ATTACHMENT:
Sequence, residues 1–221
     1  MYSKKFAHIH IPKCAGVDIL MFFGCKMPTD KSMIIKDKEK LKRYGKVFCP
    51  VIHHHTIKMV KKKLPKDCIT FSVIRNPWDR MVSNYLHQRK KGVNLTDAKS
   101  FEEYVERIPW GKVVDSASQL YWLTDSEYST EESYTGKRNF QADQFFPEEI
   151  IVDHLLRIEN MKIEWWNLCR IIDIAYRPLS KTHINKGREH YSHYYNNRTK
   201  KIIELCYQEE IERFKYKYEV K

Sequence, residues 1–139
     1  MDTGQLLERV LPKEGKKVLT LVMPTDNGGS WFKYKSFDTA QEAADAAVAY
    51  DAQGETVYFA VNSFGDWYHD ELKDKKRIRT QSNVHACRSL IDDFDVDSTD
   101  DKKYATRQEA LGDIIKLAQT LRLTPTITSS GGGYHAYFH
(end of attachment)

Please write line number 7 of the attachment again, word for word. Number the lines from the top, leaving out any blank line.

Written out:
Sequence, residues 1–139